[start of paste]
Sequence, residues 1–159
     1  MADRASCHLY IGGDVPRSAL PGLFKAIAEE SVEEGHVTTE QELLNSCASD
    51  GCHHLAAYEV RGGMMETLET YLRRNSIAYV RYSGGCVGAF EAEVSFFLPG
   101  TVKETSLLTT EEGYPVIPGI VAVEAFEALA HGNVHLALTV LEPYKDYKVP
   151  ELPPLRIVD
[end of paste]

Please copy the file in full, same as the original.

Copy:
Sequence, residues 1–159
     1  MADRASCHLY IGGDVPRSAL PGLFKAIAEE SVEEGHVTTE QELLNSCASD
    51  GCHHLAAYEV RGGMMETLET YLRRNSIAYV RYSGGCVGAF EAEVSFFLPG
   101  TVKETSLLTT EEGYPVIPGI VAVEAFEALA HGNVHLALTV LEPYKDYKVP
   151  ELPPLRIVD